When he showed me the little white pill, small as a baby aspirin, I couldn't imagine the power it would have over me.
I was 25, a very young 25, and madly in love with someone I couldn't spend a day with without getting into a massive blowout. And we were living together. And it wasn't going well.
"Come on, Erica. Let's try this together," Matt said. "Everybody says this stuff is magic. It'll blow your mind."
"I don't want my mind blown. I just want to fix us."
He gave me a puppy-eyed look, then downed his pill. And I took mine. Besides, I loved the word: ecstasy. It had been quite some time since I'd been ecstatic.
We kept to our plan: we would go for a long drive, then get a nice dinner somewhere. It was a cold fall night, and we drove out to this cozy restaurant I knew that had a fireplace.
It hit us both at the same time. The moment the waitress walked away with our food order, I felt a wave of something beautiful pass over and through me, like I had become warm melted chocolate. Matt took my hand and stared into me with pupils no doubt as large as mine.
"My God," he said, "do you feel that?"
We proceeded to talk more openly with each other than perhaps we ever had, and I never felt so close to him. We also became very aroused. When the food arrived we asked that it go straight into doggie bags.
"I want to do you right here," he whispered after the waitress left to pack up our food. "Right here, right now."
I can't remember ever feeling so turned on. We got in the car and parked in the first parking lot we found—it was too far to go home!—and I took off all my clothes and got on top of him in the driver's seat, draping myself with this huge faux fur coat I had worn. After a few minutes of going at it, we heard someone rapping hard against our car window.
Like a two-headed beast, we both turned slowly toward the noise.
It was a cop.
You see, we had pulled over and parked—(wait for it)—in a police station parking lot.
Faces flaming, laughter erupting, we scrambled to extricate ourselves from each other. Even the cop looked embarrassed, shaking his head and looking away as we collected ourselves. How in God's name—our pupils round as orbs—he didn't nail us for taking drugs I'll never know, but the fact was, the only drugs on us were in us.
As much as the police parking lot gaffe cramped our drug experimenting style, we were inspired to try ecstasy again, even though the hangover was one of the more hellish experiences of my life. Matt liked the sex—we both did—but I loved the talking more than anything else.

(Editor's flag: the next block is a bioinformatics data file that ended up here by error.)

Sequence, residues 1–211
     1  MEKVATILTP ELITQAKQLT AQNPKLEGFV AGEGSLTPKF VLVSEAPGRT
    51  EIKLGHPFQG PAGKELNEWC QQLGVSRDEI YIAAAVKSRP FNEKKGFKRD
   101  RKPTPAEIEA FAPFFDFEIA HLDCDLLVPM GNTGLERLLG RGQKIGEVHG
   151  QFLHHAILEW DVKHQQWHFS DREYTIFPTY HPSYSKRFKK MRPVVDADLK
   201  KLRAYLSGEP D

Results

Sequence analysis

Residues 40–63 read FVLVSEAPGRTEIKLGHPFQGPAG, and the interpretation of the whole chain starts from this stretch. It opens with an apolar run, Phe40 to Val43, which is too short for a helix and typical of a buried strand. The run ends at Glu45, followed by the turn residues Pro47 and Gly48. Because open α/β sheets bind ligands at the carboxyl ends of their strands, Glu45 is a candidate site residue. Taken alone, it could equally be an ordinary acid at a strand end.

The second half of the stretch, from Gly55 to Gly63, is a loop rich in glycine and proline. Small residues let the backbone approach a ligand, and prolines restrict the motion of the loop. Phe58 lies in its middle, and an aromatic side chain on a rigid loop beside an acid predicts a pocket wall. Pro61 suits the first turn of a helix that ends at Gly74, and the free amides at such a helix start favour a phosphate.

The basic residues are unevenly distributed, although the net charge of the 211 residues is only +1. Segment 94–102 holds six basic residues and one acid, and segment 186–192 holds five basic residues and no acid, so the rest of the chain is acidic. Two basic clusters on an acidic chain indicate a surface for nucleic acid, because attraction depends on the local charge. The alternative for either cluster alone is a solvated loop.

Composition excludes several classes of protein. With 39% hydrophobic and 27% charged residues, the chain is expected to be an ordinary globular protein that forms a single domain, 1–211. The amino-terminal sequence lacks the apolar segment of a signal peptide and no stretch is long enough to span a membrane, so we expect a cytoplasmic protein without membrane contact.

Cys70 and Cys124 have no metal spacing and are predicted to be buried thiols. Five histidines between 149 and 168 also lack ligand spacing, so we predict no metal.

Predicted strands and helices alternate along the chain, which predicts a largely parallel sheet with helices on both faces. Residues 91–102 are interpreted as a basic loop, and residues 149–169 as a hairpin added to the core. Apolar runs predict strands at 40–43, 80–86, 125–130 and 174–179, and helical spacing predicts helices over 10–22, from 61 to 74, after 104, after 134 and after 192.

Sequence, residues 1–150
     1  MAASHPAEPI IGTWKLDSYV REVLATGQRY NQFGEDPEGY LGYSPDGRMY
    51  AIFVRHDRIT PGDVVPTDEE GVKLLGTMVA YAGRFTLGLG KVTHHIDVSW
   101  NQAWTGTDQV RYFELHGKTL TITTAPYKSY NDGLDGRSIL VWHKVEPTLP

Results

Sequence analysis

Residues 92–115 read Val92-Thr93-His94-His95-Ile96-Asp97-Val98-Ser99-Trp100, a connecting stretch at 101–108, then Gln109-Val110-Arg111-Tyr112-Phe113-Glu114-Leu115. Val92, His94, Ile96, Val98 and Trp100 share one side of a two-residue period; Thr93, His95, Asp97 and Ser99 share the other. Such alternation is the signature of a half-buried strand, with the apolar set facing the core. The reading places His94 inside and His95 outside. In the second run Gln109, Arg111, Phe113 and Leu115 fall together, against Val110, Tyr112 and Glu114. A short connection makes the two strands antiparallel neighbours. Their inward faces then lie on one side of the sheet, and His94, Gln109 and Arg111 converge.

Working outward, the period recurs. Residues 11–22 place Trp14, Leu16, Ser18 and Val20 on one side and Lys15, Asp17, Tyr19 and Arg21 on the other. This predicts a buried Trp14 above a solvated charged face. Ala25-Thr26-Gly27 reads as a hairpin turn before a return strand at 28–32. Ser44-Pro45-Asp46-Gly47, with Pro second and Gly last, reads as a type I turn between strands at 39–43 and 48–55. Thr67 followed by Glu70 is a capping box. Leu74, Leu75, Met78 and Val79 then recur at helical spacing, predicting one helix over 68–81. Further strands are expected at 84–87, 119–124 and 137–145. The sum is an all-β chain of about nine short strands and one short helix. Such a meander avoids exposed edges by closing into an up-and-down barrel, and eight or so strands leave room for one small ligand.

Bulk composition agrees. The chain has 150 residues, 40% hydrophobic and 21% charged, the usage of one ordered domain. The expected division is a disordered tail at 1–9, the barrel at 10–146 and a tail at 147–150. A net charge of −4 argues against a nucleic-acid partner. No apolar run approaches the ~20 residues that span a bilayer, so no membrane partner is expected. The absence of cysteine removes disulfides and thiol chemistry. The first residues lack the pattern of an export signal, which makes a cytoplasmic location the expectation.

I thought this drug was going to make us a couple. As long as we had a truth serum in a little pill, we'd be all right.
Problem was, it wasn't so great the second time around. This time we decided we'd load up and not leave the bedroom for the weekend. The high hit us at different times, so even though we had a bit of fun, it wasn't at all like the first time.
But the fifth, and final time, drove the nail in the coffin for Matt and me. We'd been fighting like banshees (Didn't everyone? Wasn't this what they meant by "relationships are hard work"?) and even as we drove the hour and half down to our favorite beach on the South Shore of Massachusetts, a feeling of foreboding had come over me, and him as well. I could see it in his eyes.
We held hands as we walked down the boardwalk to the sea. It was an overcast, humid summer day, with barely any sea breeze even when we reached the shoreline. Facing the waves, we popped our little pills, then lay down on our towels … and waited.
The rush came on us quickly this time, and we got to our feet and hugged each other. I waited for the gush of words, of love, of closeness, of profound mutual understanding, that feeling of being at peace with the universe. Instead, I just felt vacant.
"I think I need to take a walk," I said.
"OK," he said, following me as I started to amble along the shore.
"Alone, I mean."
He cocked his head. "You're right, I think I need to be alone too."
And so, we proceeded to wander the beach in totally different directions … for the next five hours. Somehow, around dusk, we found each other back at the car where we settled in for the long, silent ride home.